Make a new single-view application, add a custom view subclass with this drawRect: method, and set the default view in the .xib file to use your custom class. Both sides of this if statement produce the same results on retina display: a 100x100 device-pixel, non-alpha-blended square. The first side does it by using the "right" values for the default scale. The else side of it does it by backing out the 2x scale, and then translating the plane from being aligned to the edges of device pixels to being aligned with the center of device pixels. Note how the stroke widths are different (scale factors apply to them too.) Hope this helps.

OP replied:

But one note, there is some alpha blend, a little bit. This is the screenshot with 3200x zoom:

No, really. Trust me. There's a reason for this, and it's NOT anti-aliasing being turned on in the context. (Also, I think you mean 3200% zoom, not 3200x zoom -- at 3200x zoom a single pixel wouldn't fit on a 30" display.)

In the example I gave, we were drawing a rect, so we didn't need to think about line endings, since it's a closed path -- the line is continuous. Now that you're drawing a single segment, you do have to think about line endings to avoid alpha blending. This is the "edge of the pixel" vs. "center of the pixel" thing coming back around. The default line cap style is kCGLineCapButt. kCGLineCapButt means that the end of the line starts exactly where you start drawing. If you want it to behave more like pen -- that is to say, if you put a felt-tip pen down, intending to draw a line 10 units to the right, some amount of ink is going to bleed out to the left of the exact point you pointed the pen at -- you might consider using kCGLineCapSquare (or kCGLineCapRound for a rounded end, but for single-pixel-level drawing that will just drive you mad with alpha-blending, since it will calculate the alpha as 1.0 - 0.5/pi). I've overlaid hypothetical pixel grids on this illustration from Apple's Quartz 2D Programming Guide to illustrate how line endings relate to pixels:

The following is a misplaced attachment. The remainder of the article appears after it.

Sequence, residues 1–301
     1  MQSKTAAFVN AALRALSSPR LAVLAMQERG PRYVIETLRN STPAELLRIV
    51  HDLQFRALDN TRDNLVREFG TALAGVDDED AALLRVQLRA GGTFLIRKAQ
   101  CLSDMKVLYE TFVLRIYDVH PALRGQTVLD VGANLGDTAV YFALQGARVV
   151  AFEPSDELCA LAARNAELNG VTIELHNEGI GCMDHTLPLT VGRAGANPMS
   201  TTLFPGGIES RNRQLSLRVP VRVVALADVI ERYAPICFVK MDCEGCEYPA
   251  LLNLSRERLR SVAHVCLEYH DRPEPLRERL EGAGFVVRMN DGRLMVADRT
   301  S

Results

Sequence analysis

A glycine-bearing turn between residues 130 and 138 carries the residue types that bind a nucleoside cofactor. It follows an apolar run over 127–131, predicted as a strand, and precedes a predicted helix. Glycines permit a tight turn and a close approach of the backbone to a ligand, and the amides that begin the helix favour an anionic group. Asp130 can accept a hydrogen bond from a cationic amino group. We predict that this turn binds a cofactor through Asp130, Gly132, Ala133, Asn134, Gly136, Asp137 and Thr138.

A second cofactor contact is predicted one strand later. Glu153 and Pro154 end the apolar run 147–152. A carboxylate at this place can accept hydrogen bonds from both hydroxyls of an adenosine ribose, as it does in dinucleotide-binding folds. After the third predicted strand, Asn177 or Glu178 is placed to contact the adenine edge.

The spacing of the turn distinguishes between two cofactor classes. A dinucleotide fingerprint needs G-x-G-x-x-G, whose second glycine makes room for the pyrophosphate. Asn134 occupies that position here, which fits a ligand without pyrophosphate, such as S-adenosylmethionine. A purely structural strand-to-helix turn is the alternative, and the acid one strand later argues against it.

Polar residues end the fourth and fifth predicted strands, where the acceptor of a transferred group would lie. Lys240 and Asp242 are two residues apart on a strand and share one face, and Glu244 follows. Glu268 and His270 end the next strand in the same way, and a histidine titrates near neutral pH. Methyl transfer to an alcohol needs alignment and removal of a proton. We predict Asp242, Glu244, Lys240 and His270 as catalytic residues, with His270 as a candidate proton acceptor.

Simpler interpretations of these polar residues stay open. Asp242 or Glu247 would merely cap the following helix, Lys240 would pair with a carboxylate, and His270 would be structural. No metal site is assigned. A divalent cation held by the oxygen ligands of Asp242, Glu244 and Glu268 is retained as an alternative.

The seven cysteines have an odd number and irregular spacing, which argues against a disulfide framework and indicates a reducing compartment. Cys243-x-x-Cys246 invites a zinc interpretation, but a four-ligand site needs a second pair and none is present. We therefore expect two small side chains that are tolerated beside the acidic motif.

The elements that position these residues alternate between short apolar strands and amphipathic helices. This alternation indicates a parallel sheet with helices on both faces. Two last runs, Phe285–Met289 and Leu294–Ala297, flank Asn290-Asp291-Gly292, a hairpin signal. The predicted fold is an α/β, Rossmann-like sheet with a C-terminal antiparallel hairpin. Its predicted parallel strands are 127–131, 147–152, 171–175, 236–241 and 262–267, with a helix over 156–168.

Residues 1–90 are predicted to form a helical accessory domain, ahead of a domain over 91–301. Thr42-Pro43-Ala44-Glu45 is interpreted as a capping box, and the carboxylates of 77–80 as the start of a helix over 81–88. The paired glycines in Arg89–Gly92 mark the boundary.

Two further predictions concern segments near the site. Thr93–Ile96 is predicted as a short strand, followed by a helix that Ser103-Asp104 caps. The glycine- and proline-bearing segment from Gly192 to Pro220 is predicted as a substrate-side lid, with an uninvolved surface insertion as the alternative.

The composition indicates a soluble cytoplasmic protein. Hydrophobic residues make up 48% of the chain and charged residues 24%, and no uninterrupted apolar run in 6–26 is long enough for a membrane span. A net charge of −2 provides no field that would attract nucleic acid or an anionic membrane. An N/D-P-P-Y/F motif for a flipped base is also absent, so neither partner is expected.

Line endings with hypothetical pixel grids overlaid

But, I digress. Here's an example; Consider the following code:

- (void)drawRect:(CGRect)rect
{
    CGContextRef ctx = UIGraphicsGetCurrentContext();
    CGContextSaveGState(ctx);    
    CGContextSetStrokeColorWithColor(ctx, [[UIColor blackColor] CGColor]);
    CGContextSetLineWidth(ctx, 0.5); //On device pixel at default scale
    CGContextMoveToPoint(ctx, 2.0, 2.25); // Edge of pixel in X, Center of pixel in Y
    CGContextAddLineToPoint(ctx, 7.0, 2.25); // Draw a line of 5 scaled, 10 device pixels
    CGContextStrokePath(ctx); // Stroke it
    CGContextRestoreGState(ctx);
}

Notice here that instead of moving to 2.25, 2.25, I move to 2.0, 2.25. This means I'm at the edge of the pixel in the X dimension, and the center of the pixel in the Y dimension. Therefore, I wont get alpha blending at the ends of the line. Indeed, zoomed to 3200% in Acorn, I see the following: